Located 2,600 miles southwest of Hawaii, the National Park of American Samoa is the most remote unit of the National Park System and the U.S. National Park south of the Equator. The Park spreads across three islands, 9,500 acres of tropical rainforest, and 4,000 acres of ocean, including coral reefs. While remote, the islands of American Samoa, true to the meaning of the word Samoa (Islands of Sacred Earth), are welcoming and offer beautiful landscapes and centuries of culture and history.
Seasoned backpacker and adventurer Yang Lu earned the grand prize in the 2015 Share the Experience photo contest with this image of a sunburst captured at sunrise in Glen Canyon National Recreation Area, Utah. Yang has made the outdoors part of his daily life and finds deep connection to the land through his lens.
“My photography is not just for recreation, it is to inspire people to explore these areas." -- Yang Lu
Photo by Yang Lu (www.sharetheexperience.org).
The plantings of cherry trees originated in 1912 as a gift of friendship to the People of the United States from the People of Japan. In Japan, the flowering cherry tree, or "Sakura," is an exalted flowering plant. The beauty of the cherry blossom is a potent symbol equated with the evanescence of human life and epitomizes the transformation of Japanese culture throughout the ages.
DOINews: Mount Rainier National Park: Secretary Salazar Visits Park Staff
Secretary Ken Salazar joins more than 70 Mount Rainier National Park employees and volunteers for a group photo on August 14, 2012. While at Mount Rainier, Salazar shared words of encouragement and support with park staff, who lost five co-workers this year. Photo by Chris Roundtree, NPS.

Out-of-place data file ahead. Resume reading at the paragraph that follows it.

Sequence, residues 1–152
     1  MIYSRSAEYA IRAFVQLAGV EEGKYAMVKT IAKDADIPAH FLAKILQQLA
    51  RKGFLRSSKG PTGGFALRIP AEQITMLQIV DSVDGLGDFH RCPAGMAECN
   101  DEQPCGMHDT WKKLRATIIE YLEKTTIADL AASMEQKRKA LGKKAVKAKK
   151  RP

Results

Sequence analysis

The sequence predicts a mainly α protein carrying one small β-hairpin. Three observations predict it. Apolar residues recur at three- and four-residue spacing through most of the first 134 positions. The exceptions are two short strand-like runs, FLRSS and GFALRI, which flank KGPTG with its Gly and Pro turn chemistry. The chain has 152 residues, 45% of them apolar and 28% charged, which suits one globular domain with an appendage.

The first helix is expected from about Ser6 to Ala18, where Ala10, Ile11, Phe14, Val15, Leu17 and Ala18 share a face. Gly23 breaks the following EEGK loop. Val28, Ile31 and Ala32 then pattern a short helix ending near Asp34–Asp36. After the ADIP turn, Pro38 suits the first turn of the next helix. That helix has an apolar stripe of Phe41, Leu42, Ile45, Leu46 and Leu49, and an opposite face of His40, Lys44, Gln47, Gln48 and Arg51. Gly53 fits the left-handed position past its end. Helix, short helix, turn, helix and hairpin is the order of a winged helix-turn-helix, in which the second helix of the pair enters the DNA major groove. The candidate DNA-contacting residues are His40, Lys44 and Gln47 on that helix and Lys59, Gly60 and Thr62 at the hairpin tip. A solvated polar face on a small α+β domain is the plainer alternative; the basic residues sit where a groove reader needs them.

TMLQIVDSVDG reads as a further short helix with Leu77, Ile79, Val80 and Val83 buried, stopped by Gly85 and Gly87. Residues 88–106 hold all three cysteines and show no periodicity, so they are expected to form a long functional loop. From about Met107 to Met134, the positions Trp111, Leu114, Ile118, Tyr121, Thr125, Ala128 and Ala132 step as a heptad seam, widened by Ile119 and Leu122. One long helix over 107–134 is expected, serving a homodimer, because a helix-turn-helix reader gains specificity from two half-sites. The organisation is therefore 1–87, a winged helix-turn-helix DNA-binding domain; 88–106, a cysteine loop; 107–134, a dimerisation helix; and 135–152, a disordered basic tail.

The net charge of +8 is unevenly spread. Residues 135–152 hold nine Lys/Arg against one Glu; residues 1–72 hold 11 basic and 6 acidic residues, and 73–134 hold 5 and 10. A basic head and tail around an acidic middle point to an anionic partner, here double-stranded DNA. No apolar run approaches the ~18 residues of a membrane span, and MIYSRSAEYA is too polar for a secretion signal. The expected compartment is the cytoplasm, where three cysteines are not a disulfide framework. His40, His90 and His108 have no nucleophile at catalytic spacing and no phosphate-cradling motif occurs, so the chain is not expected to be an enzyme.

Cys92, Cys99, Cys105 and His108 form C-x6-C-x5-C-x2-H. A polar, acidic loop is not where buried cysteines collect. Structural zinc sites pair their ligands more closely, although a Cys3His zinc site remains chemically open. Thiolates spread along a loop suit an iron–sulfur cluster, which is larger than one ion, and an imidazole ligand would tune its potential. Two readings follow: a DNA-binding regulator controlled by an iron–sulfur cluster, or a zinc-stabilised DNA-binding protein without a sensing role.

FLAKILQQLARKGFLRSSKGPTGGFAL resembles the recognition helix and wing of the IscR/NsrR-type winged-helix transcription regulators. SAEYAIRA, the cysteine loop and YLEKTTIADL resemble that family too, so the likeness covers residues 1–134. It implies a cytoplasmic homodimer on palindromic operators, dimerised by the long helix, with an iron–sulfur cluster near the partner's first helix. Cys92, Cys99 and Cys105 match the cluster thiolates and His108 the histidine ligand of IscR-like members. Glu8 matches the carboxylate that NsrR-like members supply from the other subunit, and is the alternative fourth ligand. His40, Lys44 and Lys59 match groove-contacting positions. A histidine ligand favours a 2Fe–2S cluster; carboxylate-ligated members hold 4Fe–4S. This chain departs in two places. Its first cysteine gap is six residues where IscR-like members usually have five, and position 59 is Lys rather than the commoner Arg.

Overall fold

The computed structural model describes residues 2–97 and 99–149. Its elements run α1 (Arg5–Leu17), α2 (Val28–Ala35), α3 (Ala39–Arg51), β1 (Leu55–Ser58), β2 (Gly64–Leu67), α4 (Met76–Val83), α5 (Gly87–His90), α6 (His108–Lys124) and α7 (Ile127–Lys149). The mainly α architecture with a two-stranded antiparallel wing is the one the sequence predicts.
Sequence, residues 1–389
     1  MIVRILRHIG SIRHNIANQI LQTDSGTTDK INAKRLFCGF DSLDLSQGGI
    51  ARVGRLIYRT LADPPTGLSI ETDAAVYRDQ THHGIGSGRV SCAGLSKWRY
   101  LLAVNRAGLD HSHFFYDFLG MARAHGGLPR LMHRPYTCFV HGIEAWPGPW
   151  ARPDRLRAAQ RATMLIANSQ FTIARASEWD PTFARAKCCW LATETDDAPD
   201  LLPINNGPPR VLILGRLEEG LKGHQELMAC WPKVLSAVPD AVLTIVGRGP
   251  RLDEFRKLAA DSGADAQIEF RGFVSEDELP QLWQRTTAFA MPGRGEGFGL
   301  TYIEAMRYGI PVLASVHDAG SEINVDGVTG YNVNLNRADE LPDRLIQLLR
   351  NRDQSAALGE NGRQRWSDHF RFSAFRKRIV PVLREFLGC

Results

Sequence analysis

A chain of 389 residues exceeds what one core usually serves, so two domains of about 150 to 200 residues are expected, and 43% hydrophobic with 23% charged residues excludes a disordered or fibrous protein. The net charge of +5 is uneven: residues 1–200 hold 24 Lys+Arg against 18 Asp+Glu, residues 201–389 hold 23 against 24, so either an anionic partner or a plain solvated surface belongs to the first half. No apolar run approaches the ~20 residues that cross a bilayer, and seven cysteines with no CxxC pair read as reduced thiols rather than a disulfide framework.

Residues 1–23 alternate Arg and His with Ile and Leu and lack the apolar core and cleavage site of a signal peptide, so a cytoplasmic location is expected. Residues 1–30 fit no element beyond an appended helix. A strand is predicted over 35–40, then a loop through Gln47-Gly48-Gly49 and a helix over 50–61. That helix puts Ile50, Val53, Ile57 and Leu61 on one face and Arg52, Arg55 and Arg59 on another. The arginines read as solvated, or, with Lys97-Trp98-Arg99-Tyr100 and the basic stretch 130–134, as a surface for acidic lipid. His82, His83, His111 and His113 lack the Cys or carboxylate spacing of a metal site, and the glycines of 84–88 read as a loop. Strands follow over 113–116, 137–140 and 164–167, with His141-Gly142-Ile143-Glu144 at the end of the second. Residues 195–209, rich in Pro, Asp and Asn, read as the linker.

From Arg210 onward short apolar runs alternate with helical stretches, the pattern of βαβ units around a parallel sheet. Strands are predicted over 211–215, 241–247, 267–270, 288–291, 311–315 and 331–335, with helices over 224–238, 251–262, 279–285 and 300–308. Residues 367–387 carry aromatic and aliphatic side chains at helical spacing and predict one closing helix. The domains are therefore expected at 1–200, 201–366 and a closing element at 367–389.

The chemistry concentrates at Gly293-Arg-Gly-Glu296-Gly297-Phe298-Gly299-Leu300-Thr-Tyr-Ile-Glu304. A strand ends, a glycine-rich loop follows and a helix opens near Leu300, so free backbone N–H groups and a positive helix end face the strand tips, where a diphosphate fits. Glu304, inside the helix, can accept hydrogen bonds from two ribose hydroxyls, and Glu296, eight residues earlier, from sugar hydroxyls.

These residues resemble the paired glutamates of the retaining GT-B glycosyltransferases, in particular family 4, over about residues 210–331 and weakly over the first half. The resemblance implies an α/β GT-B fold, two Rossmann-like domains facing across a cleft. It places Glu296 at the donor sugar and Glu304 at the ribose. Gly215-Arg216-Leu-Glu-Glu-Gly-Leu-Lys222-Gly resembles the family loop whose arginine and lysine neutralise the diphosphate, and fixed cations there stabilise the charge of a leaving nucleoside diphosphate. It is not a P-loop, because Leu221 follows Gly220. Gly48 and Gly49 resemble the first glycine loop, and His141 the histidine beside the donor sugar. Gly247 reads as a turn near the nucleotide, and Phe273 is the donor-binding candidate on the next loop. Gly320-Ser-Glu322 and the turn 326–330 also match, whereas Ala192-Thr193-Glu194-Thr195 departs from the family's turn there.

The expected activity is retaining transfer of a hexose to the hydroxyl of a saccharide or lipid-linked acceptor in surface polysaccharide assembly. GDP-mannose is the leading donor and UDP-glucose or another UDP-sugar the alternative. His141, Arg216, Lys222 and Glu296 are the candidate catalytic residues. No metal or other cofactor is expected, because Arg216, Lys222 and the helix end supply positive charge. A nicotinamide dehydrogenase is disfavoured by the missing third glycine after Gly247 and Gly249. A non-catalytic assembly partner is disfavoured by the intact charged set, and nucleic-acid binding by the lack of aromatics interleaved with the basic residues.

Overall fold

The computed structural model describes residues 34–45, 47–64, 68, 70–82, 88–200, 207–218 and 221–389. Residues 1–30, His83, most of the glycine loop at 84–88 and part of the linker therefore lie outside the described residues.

On Tuesday, August 14, Secretary Ken Salazar visited Mount Rainier National Park staff and shared words of encouragement and support in light of this year's loss of five co-workers – park ranger Margaret Anderson and climbing ranger Nick Hall through line-of-duty deaths, and custodial worker Roy Watters, engineering equipment operator Doug Chappell and seasonal trails laborer Ted Cox from illnesses or off-duty accidents.
Salazar spoke on the importance of public service and the nobility of the mission carried out by National Park Service employees and volunteers on behalf of the nation.
Following the employee meeting, Salazar met with approximately 25 local tourism and community leaders and other park partners to discuss the economic benefits of national parks and the importance of local partnerships.
Salazar took time for a photo op with the 70-plus employees and volunteers, with Mount Rainier shining in the distance.
By: Donna Rahier, Mount Rainier National Park, NPS; and Randy King, Mount Rainier National Park, NPS